"All Member States have expressed support for EUNAVFOR MED, a military Common Security and Defence Policy (CSDP) operation to disrupt the business model of human smuggling and trafficking networks in the Southern Central Mediterranean, and the transition to Phase 2 has been agreed. Phase 1 focused on gathering intelligence on smuggling networks. Phase 2 will include the boarding, search, seizure and diversion on the high seas of vessels suspected of being used for human smuggling or trafficking. Phase 2 will be assisted by the deployment of HMS Richmond. HMS Enterprise has previously been our main contribution to the CSDP mission, accompanied by a Merlin helicopter, and has rescued over 450 migrants."

4.14 The Government believes that "any sustainable approach to search and rescue must involve the 'decoupling' from entry into the EU, except where there is a genuine case for asylum". UNHCR data indicate that Syrians and Eritreans are the main nationalities arriving by sea in Italy. What is the Government's estimate of the proportion of migrants crossing the Mediterranean who are in clear need of protection?

    "Comprehensive asylum statistics are not compiled on the basis of how successful claimants arrived in the EU, which makes it very difficult to come up with reliable numbers, particularly as the size and composition of migrant flows can shift dramatically over a relatively short time. However, Frontex is now recording nationality in the region of arrival into the EU. The latest data from Frontex is:
    Route and numbers crossing:
    Jan-Sept 2015
    Top three nationalities
    Central Mediterranean (Libya to Italy):


    Eritrea — 26,573

    Nigeria — 13,061

    Sub-Saharan Africans — 10,363

    Eastern Mediterranean (Turkey to Greece):


    Syria — 150,831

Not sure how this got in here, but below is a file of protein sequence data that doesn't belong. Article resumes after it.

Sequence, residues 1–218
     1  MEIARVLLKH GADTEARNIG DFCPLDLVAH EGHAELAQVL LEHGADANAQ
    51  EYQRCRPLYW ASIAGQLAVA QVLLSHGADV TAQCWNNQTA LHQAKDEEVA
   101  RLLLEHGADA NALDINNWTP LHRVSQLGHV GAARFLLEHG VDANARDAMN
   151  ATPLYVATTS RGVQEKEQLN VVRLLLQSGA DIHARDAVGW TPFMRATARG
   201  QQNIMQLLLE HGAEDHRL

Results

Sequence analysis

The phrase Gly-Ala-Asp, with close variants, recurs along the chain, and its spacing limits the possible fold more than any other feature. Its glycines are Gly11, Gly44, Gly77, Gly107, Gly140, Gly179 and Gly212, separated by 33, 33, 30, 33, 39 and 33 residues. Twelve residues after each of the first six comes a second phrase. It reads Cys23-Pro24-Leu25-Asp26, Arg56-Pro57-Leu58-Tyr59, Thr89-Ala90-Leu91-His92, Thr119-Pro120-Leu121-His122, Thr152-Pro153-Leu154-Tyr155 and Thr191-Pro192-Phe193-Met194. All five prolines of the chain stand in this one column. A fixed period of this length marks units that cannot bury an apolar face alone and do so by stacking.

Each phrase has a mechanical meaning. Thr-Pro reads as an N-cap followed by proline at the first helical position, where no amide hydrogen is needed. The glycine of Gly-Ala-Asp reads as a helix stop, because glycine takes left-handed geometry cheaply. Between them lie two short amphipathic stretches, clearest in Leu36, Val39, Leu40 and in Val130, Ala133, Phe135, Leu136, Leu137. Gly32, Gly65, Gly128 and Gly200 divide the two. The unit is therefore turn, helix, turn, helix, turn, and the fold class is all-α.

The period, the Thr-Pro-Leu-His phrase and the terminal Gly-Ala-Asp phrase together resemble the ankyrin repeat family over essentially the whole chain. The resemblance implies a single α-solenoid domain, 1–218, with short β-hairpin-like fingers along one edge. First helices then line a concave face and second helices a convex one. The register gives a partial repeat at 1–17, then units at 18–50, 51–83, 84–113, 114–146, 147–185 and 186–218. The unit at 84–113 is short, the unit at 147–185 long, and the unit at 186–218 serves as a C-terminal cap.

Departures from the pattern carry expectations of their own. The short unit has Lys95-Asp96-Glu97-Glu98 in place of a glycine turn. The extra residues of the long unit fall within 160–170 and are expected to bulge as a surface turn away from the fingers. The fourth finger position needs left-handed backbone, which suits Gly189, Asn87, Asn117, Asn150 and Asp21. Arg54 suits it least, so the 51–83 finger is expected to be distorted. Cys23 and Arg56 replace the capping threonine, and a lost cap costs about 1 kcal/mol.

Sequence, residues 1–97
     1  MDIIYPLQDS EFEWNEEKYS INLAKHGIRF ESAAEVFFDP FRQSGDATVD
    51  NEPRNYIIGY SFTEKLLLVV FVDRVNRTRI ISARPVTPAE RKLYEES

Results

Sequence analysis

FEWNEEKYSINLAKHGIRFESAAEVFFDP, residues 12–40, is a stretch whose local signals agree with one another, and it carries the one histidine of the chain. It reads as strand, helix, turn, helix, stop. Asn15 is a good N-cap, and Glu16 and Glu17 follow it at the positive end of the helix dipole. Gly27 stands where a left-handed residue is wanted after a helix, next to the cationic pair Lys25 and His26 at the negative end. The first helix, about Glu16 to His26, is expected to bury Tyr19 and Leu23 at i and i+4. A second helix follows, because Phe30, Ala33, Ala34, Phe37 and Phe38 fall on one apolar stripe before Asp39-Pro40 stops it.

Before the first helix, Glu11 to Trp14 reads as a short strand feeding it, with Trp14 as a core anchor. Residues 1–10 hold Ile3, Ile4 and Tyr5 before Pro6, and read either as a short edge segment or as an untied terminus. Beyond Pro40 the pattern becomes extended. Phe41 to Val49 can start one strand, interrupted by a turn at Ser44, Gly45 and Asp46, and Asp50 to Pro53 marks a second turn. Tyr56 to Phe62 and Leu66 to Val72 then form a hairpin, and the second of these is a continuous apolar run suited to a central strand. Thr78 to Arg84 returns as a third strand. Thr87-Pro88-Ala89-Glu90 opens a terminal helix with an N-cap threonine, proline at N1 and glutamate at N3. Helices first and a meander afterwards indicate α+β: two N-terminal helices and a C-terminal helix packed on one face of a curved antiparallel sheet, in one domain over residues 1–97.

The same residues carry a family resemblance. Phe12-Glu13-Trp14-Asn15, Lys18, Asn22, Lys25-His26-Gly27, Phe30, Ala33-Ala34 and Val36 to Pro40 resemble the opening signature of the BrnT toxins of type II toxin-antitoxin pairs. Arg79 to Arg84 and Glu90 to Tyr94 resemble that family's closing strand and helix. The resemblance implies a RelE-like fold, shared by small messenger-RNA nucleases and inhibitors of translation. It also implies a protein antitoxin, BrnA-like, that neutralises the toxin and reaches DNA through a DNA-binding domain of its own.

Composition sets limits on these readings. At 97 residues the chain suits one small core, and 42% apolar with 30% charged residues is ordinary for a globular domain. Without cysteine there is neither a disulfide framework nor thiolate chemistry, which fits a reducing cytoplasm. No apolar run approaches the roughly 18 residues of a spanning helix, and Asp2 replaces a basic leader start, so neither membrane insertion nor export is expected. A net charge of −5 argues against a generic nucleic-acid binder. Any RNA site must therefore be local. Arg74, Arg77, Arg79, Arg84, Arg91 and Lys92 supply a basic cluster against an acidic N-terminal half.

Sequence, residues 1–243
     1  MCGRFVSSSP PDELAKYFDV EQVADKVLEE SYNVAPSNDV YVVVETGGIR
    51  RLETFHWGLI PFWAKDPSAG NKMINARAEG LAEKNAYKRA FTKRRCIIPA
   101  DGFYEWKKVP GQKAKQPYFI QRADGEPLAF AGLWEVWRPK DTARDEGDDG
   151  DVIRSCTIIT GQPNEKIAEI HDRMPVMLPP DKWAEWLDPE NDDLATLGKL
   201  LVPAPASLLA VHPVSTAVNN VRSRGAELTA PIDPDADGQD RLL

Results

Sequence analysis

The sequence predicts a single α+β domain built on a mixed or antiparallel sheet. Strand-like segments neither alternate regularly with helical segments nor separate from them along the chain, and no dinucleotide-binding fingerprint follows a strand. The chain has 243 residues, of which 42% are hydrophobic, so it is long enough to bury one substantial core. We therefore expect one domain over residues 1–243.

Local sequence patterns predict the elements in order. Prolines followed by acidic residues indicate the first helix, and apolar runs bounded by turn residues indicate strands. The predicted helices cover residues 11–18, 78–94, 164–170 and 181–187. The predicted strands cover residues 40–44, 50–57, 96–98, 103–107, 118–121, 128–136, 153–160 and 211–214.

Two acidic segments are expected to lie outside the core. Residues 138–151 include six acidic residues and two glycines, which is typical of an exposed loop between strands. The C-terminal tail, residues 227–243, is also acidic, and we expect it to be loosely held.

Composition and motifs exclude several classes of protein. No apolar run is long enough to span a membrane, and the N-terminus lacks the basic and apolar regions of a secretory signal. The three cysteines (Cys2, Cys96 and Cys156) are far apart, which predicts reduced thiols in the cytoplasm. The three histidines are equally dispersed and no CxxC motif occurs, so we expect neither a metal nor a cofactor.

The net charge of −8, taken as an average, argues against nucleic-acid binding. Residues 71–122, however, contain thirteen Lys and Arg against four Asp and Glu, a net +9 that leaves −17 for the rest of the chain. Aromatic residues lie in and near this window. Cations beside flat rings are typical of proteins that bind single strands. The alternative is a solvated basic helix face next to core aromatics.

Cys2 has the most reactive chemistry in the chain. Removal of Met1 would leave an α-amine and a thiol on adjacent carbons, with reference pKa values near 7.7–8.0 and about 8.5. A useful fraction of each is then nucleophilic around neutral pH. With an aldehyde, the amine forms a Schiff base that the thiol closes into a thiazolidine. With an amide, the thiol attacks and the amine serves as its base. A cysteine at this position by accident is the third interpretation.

Afghanistan — 48,087

    Pakistan — 8,658

        "The majority of illegal migrants arriving in Italy through the Central Mediterranean route come from countries where the drivers of emigration tend to be economic rather than a genuine fear of persecution. Asylum applications made by nationals from such countries are generally rejected. The balance further east is different and a higher proportion of migrants accessing the EU by those routes are from countries which result in a higher asylum grant rate.

        "Patterns are shifting all the time and while many refugees make the journey, so too do very many economic migrants. It is imperative that we address that in order to be able to provide the best response for those most in need and deter illegal migration and the life-threatening smuggling that underpins it."

      4.15 Does the Government agree with the Commission's analysis that the asylum system in the European Union is too fragmented and that the operation of the Dublin rules is perceived as being "fundamentally unfair"?

        "It cannot be denied that the Dublin Regulation has its critics in the same way that some perceive a nation's ability to control its borders to be 'fundamentally unfair' to those who seek to migrate without any barriers. The Government does not agree that the Dublin Regulation is, of itself, unfair. What we believe to be unfair are situations where different States have to deal with repeat applications from migrants who have already had their claims rejected in other States or who have decided to move between safe European States for reasons not related to international protection, both things that the Regulation seeks to address. It is also important that the Regulation seeks to identify a single State that is responsible for examining an asylum claim, guaranteeing access to a procedure to assess the claim, which benefits those genuinely in need of protection.